Dauphin Island Race Disaster: Storm Takes Lives of Six Racing Sailors on Mobile Bay - Sail Magazine

Dauphin Island Race Disaster: Storm Takes Lives of Six Racing Sailors on Mobile Bay

Author:
Publish date:
A video shot by a competitor at the height of the storm captured its intensity

A video shot by a competitor at the height of the storm captured its intensity

Tragedy rocked Alabama’s Dauphin Island Race on April 25, when a massive storm cell barreled across the racecourse, capsizing vessels and throwing boaters—both racing sailors and other recreational mariners—into the water. Nine boats were capsized or sunk, three of them racing sailboats, and six lives were lost—all of them regatta participants.

This anual 18-mile race out of the Fairhope Yacht Club, near Mobile, Alabama, is contested by sailors aboard a wide range of vessels, from beach-launched Hobie 16s to Olson 40s, with an emphasis on keelboats in the 20ft range. This year’s event drew 117 boats and 476 sailors, many of whom hailed from local Mobile Bay-area clubs.

Fifty-knot winds quickly kicked up 10ft seas that roiled the racecourse at roughly 1630. According to reports, the storm was the result of a strong atmospheric disturbance that blew in from Texas and Louisiana on Saturday morning and then collided with some highly unstable weather along coastal Alabama. A thunderstorm advisory had been issued on Saturday morning for all of southern Alabama, and longer-range reports had also predicted the possibility of thunderstorms. However, weather of this severity is reportedly an anomaly on Mobile Bay during the spring months.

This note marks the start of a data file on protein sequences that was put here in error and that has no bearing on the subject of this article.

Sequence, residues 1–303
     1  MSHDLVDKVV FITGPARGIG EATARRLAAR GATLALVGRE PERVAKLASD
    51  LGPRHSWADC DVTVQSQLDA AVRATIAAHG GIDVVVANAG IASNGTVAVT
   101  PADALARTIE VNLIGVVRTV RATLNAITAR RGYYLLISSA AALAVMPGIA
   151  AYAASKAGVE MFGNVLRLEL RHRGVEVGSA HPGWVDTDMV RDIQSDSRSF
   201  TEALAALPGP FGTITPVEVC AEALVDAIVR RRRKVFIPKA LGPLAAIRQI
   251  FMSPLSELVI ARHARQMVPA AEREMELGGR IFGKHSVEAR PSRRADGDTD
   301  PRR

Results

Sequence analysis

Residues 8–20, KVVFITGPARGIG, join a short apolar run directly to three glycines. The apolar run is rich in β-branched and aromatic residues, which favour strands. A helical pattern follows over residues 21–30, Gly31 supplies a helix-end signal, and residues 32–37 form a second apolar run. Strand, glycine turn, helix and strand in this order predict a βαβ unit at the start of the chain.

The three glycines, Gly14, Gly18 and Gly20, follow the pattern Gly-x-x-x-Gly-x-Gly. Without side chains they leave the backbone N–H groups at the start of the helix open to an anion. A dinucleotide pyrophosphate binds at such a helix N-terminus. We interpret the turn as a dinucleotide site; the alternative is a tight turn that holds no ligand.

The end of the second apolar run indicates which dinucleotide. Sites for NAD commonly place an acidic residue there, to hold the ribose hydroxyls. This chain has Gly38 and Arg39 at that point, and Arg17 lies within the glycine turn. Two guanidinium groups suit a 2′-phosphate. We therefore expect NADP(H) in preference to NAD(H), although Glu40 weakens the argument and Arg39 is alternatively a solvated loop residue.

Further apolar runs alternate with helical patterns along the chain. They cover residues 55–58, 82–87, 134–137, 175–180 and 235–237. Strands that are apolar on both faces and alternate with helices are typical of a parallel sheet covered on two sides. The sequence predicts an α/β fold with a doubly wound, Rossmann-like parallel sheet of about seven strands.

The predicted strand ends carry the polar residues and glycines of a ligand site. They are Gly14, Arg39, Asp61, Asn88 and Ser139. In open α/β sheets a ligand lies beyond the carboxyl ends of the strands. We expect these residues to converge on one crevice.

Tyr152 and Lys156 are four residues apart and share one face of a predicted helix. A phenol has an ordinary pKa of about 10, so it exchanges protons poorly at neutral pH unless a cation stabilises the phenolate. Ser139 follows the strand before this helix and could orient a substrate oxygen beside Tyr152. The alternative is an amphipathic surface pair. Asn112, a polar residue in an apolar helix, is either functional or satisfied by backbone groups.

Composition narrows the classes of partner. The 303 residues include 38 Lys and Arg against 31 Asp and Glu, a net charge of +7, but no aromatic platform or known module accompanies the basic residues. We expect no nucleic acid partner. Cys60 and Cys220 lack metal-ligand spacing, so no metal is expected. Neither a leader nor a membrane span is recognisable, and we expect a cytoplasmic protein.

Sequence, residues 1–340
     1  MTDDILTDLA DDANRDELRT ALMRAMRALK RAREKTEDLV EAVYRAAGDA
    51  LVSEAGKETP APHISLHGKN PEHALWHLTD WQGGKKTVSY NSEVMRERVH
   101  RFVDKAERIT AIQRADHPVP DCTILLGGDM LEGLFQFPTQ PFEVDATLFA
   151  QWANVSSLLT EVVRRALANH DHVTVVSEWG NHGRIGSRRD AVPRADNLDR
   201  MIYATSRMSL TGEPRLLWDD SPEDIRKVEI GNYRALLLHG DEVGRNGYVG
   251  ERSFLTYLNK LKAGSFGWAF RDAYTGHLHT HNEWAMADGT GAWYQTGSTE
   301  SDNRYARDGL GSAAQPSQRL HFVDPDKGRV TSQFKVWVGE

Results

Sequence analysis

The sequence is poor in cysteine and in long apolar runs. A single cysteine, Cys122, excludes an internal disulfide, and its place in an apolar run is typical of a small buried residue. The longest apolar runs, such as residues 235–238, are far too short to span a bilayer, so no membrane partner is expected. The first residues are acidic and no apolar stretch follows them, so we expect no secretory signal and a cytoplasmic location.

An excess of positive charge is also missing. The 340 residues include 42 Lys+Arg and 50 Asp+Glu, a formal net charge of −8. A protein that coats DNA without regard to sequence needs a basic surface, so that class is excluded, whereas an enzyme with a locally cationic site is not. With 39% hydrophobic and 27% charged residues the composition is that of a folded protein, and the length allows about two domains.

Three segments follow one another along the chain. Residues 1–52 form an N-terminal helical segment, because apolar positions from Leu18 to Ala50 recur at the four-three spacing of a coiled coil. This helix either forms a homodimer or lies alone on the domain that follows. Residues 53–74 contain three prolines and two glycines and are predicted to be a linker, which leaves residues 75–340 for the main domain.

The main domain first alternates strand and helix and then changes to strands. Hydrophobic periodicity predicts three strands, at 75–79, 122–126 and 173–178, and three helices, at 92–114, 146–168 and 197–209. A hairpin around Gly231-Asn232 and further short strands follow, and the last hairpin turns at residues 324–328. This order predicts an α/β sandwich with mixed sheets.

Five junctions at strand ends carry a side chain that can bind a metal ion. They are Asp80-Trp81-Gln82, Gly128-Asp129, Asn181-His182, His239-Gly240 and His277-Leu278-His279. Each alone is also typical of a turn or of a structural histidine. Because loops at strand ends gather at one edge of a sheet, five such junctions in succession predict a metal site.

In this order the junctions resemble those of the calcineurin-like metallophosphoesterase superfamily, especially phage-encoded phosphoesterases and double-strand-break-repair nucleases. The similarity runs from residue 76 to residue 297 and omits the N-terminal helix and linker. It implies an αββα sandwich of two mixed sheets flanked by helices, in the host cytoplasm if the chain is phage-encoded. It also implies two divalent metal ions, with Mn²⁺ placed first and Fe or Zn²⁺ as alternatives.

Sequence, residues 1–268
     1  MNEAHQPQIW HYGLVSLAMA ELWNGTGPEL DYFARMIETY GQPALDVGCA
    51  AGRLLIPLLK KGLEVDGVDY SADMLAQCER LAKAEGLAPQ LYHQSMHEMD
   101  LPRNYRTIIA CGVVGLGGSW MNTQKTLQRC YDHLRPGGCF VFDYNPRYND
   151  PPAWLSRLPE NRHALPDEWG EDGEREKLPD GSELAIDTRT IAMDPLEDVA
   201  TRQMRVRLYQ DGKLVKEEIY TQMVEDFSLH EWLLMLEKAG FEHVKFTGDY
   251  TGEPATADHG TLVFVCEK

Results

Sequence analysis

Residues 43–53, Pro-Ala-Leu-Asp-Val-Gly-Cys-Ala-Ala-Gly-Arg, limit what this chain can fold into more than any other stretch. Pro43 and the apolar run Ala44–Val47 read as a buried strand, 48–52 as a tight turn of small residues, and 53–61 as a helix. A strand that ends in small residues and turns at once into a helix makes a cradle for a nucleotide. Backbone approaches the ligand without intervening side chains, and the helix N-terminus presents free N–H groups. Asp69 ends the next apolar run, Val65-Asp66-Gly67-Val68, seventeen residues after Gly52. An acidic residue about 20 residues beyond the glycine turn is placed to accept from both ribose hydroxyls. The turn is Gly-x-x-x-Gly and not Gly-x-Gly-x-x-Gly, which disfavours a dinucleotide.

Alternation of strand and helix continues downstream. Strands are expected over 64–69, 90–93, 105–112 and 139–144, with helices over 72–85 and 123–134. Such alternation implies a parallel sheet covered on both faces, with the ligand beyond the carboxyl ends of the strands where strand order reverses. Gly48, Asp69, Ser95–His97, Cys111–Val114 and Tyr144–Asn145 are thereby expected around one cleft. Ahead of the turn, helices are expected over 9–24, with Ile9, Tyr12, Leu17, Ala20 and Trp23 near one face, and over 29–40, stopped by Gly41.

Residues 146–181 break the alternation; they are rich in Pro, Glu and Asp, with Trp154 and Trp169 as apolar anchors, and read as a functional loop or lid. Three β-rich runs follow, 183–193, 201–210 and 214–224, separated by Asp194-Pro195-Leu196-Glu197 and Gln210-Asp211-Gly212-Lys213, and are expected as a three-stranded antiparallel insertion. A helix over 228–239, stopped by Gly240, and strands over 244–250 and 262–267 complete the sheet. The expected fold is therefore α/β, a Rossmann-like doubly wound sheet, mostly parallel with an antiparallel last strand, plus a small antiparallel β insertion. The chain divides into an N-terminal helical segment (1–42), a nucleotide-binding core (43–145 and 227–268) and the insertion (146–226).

A radar image of the storm bearing down on Mobile Bay

A radar image of the storm bearing down on Mobile Bay

While the big conditions indiscriminately swept both raceboats and recreational mariners alike, Robert Delaney’s None9, a Cal-24 III that was participating in the race, was especially hard hit. The crew lost three sailors, including 72-year-old Delaney, 27-year-old Kris Beall and 50-year-old Robert Thomas. Glenn Massey (67), who was racing aboard Dauntless, Adam Clark (17) and Jimmie Charles “J.C.” Brown (71), were also lost to the storm.

According to reports, the race’s start was postponed 90 minutes due to a miscommunication on the Fairhope Yacht Club’s website, which erroneously stated that the race had been cancelled. In an effort to ensure that all participants could make it to the starting line on time, the race committee agreed to postpone racing. Tragically, this gesture of fairness possibly helped contribute to more raceboats being on the course when the storm struck.

Deadly Races of Years Past

2012

Full Crew Farallones Race

Five sailors are lost when the Sydney 38 Low Speed Chase runs aground in heavy seas

2011

Chicago to Mackinac Race

Two sailors, including the skipper, die when the lightweight sloop WingNuts capsizes during a violent squall in the Northern Great Lakes

1998

Sydney to Hobart Race

An unusually strong depression packing 70-knot winds sinks five boats and kills six sailors as the 115-boat fleet is crossing the notoriously rough Bass Strait